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Reinhardt v. Graham

United States District Court, D. Maryland

January 14, 2019

DAVID ALLEN REINHARDT Plaintiff
v.
WARDEN RICHARD GRAHAM, JR., MR. WEBER, LT. BUTLER, Defendants

          MEMORANDUM OPINION

          DEBORAH K. CHASANOW UNITED STATES DISTRICT JUDGE

         In response to this court's Order to Show Cause, counsel for the Division of Corrections filed a response indicating that Plaintiff, an inmate at Western Correctional Institution (WCI), is not entitled to a preliminary injunction because the threat to his safety has been addressed. ECF No. 4. Plaintiff was granted 28 days to file a Reply, which has been received. ECF No. 6. In addition, Plaintiff filed a motion for summary judgment. ECF No. 7. For the reasons that follow, Plaintiff's request for preliminary injunctive relief will be denied and the motion for summary judgment will be denied without prejudice.

         In his verified complaint, Plaintiff alleged that he was placed on administrative segregation because it was discovered on August 27, 2018, that he had been targeted by the gang known as Dead Men Incorporated (DMI) who planned to stab Plaintiff because he would not allow them to steal tobacco from the Native American worship services. ECF No. 1 at p. 1. Despite Plaintiff's belief that danger to his life still persisted, he was informed on September 27, 2018, that he was being moved back to general population. Id. at p. 2. Plaintiff alleges that his reassignment to general population represents a failure to protect him from the violence of other inmates and requests a transfer to another prison outside of the Western Maryland region as well as monetary damages for the “undue stress” caused by his removal from administrative segregation. Id.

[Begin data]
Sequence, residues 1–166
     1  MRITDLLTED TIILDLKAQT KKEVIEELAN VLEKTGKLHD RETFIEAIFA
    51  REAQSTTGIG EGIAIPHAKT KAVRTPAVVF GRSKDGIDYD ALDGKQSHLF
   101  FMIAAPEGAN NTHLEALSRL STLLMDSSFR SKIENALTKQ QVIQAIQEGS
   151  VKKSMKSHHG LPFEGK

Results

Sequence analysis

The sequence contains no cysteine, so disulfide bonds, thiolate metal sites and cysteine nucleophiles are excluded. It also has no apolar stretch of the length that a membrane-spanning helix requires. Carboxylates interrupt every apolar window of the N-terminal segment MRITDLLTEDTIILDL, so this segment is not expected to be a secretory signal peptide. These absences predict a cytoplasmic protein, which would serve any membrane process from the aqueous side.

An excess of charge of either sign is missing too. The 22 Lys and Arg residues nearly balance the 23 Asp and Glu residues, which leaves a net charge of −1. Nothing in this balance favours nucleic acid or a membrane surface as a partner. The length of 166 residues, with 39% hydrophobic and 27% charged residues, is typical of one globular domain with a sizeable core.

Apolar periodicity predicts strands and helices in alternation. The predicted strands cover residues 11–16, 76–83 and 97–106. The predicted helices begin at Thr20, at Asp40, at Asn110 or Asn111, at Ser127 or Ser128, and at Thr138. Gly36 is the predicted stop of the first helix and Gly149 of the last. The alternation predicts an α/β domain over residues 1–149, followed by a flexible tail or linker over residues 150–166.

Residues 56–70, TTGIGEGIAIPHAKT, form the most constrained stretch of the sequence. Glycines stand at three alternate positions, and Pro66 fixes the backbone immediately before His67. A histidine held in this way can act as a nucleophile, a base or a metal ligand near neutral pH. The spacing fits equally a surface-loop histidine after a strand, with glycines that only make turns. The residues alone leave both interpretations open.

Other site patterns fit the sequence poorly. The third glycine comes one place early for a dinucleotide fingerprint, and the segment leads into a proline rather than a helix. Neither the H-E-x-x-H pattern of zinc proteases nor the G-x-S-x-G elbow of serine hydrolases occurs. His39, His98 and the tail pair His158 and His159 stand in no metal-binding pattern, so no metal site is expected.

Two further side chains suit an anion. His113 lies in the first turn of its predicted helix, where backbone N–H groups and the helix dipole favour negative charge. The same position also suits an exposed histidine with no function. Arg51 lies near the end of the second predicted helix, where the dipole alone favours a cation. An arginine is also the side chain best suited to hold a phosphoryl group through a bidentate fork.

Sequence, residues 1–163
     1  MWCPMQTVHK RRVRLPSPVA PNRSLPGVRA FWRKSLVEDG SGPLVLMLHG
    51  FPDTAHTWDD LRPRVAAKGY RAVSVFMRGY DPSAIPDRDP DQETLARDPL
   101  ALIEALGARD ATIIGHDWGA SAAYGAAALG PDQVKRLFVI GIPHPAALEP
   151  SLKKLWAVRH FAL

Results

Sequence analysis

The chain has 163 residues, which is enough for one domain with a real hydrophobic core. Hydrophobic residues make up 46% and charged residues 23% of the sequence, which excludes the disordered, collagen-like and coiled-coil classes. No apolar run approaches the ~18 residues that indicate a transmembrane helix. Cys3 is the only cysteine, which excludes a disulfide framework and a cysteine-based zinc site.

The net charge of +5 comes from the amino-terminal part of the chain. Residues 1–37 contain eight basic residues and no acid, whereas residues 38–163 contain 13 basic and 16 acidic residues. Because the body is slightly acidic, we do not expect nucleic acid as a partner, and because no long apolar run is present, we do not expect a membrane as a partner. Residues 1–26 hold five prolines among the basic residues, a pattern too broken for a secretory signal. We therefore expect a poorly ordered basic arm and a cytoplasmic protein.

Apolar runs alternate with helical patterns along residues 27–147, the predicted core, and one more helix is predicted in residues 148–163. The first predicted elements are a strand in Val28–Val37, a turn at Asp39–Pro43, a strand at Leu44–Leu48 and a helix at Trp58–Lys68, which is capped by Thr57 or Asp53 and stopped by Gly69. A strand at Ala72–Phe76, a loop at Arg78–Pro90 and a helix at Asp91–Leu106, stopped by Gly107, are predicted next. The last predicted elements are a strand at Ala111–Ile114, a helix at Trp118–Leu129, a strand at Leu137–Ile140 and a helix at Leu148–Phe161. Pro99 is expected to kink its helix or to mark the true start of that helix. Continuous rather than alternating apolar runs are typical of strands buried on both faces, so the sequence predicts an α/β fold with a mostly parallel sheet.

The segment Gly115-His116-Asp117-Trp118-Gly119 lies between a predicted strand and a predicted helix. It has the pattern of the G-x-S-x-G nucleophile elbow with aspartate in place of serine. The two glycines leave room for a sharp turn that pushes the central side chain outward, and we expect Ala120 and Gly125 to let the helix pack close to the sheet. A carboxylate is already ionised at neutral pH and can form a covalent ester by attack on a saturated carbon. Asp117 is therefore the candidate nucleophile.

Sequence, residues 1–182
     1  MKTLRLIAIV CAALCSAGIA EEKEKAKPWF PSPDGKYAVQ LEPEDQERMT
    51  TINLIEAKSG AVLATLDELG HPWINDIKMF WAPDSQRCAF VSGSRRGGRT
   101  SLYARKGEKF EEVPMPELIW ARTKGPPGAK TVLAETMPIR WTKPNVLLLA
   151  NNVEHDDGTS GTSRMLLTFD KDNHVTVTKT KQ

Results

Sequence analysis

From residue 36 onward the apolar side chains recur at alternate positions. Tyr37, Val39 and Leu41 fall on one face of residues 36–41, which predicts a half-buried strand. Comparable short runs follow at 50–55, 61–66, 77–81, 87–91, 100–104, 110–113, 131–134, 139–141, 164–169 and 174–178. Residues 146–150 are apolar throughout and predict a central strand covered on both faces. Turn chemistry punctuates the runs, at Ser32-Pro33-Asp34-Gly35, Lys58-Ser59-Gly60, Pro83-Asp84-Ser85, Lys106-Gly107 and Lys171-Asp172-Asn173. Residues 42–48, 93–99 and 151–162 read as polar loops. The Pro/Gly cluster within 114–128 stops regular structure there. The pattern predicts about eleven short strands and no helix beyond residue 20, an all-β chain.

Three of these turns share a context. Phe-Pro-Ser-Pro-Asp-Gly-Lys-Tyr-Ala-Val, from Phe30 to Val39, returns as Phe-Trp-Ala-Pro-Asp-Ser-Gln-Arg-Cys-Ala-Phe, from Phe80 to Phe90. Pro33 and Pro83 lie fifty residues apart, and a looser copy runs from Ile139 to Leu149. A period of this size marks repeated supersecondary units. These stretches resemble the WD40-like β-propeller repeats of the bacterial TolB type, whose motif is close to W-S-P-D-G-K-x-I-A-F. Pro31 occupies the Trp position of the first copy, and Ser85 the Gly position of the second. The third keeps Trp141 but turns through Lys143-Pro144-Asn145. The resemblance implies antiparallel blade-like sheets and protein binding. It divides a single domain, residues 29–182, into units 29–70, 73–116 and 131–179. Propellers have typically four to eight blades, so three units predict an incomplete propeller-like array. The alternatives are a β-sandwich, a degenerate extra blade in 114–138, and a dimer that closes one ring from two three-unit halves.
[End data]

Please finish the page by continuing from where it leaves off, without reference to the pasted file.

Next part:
In response, counsel provides a declaration under oath from Correctional Case Management Supervisor Michael Yates along with relevant records. ECF No. 4. Yates confirms that on August 27, 2018, Plaintiff was placed on administrative segregation pending an investigation into an allegation that he was going to be stabbed by inmate Robert Hawkins. ECF No. 4-1 at p. 1, ¶ 3. The investigation was prompted when Hawkins reported[1] to the Officer in Charge at the WCI Medical Unit that he was ordered by the DMI to stab Plaintiff because Plaintiff had stopped the DMI from stealing tobacco from the Native American service. ECF No. 4-1 at p. 8 (Information Report dated Aug. 27, 2018). A weapon was found in the inmate's bathroom in the Medical unit, near a sink, after Hawkins told officers that he had left it there for the purpose of carrying out his assault on Plaintiff. Id. at p. 7 (Administrative Segregation Investigative Report), see also p. 8 (documenting weapon found).